ROSNEFT SOLD: €10.5 BLN
FT - Glencore and the sovereign wealth fund of Qatar are to take a 19.5 per cent stake in Russian oil company Rosneft in a surprise €10.5bn deal that marks a triumph for President Vladimir Putin.
The deal, which was announced by Mr Putin's press secretary on Wednesday evening, is the largest under a privatisation programme launched by the cash-strapped Russian government at the start of the year and one of the largest ever investments into the country.
It comes in spite of US and EU financial and technological sanctions against Rosneft, which it was thought would deter western companies' participation in the Russian oil producer's share sale, even though they do not prohibit it.
Mr Putin congratulated Igor Sechin, the powerful chief executive of Rosneft, on the deal, calling it a "very good result".
"I want to thank all of you, all of your colleagues who worked on this, for this result," Mr Putin said in a meeting with Mr Sechin. The Russian government will retain a majority stake in Rosneft, while UK oil company BP holds a 19.75 per cent stake.
Mr Sechin told Mr Putin that the deal would be financed by the investors' own resources, as well as through a financing package organised by "one of the largest European banks".
For Glencore, the deal represents an opportunity to reassert itself as the dominant trader of Russian oil after it was usurped by arch-rival Trafiguralast year, potentially giving its trading arm access to millions of barrels of Rosneft's oil production.
Oil trading is a fiercely competitive industry with wafer-thin margins. Traders need access to huge volumes of oil to make significant profits.
Mr Sechin said the deal included an "offtake" oil supply contract with Glencore, as well as the creation of a joint venture with the Swiss-based company and Qatar to invest in Russian and international projects.
This marks a return to deal-making for Glencore boss Ivan Glasenberg. Since the autumn of 2015 he has been selling assets to pay down debts. Last week, he declared the company's debt reduction programme was almost at an end and said the company would pay a $1bn dividend in 2017.
Mr Glasenberg has promised investors not to let the company's net debt rise to more than twice the level of its underlying earnings.
It a statement Glencore, already the world's second biggest independent oil trader, said it was putting the final touches to a 50-50 joint venture consortium with the Qatar Investment Authority.
Under its terms, Glencore will commit just €300m in equity with the rest of the money being provided by QIA and non-recourse bank financing arranged by a European bank, understood to be Intesa Sanpaolo.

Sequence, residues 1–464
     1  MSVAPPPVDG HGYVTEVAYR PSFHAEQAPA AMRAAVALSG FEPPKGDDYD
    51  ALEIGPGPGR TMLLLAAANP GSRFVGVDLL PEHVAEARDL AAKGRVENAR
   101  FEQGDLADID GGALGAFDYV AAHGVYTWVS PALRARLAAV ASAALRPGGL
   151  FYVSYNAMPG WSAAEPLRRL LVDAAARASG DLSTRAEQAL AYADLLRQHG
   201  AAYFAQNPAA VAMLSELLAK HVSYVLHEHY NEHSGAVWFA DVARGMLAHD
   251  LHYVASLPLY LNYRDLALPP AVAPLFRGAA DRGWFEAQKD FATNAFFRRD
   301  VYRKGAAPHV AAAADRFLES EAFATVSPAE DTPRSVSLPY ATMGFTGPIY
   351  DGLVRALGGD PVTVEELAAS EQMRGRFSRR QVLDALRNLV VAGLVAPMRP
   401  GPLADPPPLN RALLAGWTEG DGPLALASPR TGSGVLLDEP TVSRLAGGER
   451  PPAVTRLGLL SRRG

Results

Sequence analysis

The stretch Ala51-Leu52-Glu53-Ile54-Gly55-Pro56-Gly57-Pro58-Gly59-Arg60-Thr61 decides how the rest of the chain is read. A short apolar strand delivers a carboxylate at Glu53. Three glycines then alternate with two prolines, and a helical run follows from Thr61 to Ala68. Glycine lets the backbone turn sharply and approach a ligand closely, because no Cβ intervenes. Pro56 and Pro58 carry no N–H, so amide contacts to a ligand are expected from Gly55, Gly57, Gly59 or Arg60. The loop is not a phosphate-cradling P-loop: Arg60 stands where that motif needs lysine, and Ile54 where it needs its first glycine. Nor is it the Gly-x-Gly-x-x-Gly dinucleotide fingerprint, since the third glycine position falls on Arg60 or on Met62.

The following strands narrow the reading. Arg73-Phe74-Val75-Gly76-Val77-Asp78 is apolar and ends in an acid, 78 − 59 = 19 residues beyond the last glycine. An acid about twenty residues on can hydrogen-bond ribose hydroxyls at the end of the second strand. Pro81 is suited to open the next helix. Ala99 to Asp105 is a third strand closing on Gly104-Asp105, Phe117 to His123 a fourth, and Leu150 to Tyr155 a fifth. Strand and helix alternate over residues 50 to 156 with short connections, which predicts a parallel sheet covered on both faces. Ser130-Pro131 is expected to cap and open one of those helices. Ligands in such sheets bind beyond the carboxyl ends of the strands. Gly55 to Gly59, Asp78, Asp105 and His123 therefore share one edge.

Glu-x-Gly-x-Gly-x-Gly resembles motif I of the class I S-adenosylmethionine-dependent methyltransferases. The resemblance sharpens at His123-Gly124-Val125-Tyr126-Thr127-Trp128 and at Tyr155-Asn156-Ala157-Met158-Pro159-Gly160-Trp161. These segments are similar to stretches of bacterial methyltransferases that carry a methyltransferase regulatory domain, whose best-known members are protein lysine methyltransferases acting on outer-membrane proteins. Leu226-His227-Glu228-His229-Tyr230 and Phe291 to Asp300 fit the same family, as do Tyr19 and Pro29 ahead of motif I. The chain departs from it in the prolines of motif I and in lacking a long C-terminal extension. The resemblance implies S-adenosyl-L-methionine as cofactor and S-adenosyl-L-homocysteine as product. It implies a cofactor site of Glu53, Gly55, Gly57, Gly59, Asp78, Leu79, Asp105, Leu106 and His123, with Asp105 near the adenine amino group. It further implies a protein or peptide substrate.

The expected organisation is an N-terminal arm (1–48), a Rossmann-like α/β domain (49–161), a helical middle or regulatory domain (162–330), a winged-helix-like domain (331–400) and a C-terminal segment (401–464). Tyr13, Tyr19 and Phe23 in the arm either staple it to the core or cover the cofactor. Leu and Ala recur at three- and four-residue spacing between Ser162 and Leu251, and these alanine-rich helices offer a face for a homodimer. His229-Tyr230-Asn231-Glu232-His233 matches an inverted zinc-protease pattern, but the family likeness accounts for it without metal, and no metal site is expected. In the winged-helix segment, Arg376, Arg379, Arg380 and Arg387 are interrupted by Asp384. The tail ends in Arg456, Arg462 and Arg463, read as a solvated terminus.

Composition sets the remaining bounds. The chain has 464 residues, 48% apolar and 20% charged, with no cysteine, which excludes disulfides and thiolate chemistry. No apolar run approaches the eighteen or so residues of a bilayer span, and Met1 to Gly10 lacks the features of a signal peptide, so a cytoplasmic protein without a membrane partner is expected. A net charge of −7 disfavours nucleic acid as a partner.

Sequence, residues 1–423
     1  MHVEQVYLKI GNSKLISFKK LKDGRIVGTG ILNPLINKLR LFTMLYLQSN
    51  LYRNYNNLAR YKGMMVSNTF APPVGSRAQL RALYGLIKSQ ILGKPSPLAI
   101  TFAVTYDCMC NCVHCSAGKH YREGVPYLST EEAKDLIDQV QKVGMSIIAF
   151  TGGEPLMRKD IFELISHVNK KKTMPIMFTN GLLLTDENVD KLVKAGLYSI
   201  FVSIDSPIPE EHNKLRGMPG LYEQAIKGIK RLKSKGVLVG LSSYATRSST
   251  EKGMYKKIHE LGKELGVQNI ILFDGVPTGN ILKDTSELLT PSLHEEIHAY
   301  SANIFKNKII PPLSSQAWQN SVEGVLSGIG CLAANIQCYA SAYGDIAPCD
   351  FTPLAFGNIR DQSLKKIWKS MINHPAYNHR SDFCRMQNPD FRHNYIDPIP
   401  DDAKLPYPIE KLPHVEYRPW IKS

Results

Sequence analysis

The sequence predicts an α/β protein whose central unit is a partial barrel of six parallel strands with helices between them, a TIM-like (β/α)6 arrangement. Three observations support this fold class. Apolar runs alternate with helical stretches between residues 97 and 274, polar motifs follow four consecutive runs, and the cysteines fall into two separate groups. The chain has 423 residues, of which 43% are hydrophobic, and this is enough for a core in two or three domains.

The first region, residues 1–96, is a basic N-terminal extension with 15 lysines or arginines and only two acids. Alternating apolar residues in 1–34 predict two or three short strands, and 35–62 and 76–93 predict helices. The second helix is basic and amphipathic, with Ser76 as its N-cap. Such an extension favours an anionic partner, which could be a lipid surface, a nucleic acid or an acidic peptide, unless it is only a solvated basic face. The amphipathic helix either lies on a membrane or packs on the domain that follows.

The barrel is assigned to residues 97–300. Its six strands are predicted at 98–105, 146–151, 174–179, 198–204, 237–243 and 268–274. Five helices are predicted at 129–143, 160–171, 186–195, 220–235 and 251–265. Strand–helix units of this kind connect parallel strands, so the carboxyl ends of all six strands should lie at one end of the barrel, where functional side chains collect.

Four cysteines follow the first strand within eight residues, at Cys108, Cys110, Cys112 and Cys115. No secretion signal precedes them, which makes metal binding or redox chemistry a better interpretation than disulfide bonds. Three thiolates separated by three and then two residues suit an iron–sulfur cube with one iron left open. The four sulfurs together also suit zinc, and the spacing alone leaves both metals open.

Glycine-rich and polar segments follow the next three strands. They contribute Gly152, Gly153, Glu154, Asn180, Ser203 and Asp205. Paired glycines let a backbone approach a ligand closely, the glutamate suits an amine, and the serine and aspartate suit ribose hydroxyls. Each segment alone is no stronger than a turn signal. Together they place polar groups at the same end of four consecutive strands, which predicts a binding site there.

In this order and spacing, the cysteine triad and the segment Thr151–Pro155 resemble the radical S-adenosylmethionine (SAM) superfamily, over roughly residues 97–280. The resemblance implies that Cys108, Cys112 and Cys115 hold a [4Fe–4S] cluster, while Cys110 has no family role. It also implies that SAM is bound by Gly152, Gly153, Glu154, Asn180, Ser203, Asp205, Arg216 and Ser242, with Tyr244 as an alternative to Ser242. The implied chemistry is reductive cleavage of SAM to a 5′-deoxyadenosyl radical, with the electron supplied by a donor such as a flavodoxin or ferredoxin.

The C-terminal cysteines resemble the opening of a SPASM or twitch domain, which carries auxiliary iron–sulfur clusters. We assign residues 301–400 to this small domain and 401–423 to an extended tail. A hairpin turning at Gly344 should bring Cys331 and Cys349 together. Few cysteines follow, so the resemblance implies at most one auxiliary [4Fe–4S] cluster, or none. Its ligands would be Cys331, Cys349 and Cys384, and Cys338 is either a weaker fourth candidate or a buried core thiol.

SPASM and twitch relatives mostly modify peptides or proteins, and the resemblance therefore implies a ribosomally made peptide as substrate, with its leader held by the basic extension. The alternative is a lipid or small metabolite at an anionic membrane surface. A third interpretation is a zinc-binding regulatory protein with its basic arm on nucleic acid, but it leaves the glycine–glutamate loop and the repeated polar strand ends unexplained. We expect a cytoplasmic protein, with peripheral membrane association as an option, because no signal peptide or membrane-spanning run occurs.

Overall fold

As part of the agreement, Glencore has also agreed a five-year supply agreement with Rosneft. This will see the Russian company supply 220,000 barrels a day to Glencore's oil trading arm.
Glencore said there could also be "additional opportunities, through a strategic partnership for further cooperation, including infrastructure, logistics and global trading."
QIA is also Glencore's biggest shareholder with a 9 per cent stake. Glencore's last big oil deal was in 2014 when it paid $1.4bn for Chad-focused Caracal Energy.
Mr Sechin said the sale price represented a 5 per cent discount to the company's share price on Tuesday.
Qatar's sovereign wealth fund could not be immediately reached for comment.
Michael Moynihan, research director for Russia at consultants Wood Mackenzie said: "Rosneft will be able to expand its access to global oil markets through this deal with a major oil-trading company."
This is the latest in a string of deals spearheaded by Mr Sechin, following the acquisition of midsized Russian oil producer Bashneft in November after an acrimonious internal battle within the Russian elites, the $13bn acquisition of an Indian port and refining company, and a prospective investment into a major Egyptian gasfield.
"The deal is not just a portfolio investment, but a strategic one," Mr Sechin said.
The sale of a minority stake in Rosneft had been widely seen as an unattractive investment given low oil prices and the Russian government's control of the company.
An internal assessment by Rosneft of market interest in the deal at the start of the year estimated that the company would be able to sell just $1bn-$2bn worth of its shares, according to a person familiar with the matter. Until Wednesday evening most investors assumed Rosneft would buy its own shares from its parent company in order to meet a government-imposed deadline of mid-December to complete the deal.
But the recent rally in oil prices on the back of a deal to cut production by Opec, the oil producing countries' cartel and non-Opec members led by Russia, may have made the investment more attractive, Mr Putin noted.
Mr Sechin highlighted that Rosneft had made commitment to paying 35 per cent of its profits in dividends.
Mr Putin said that the deal would represent a major influx of foreign currency into Russia, and instructed the central bank to find a way of mitigating its impact on the rouble.
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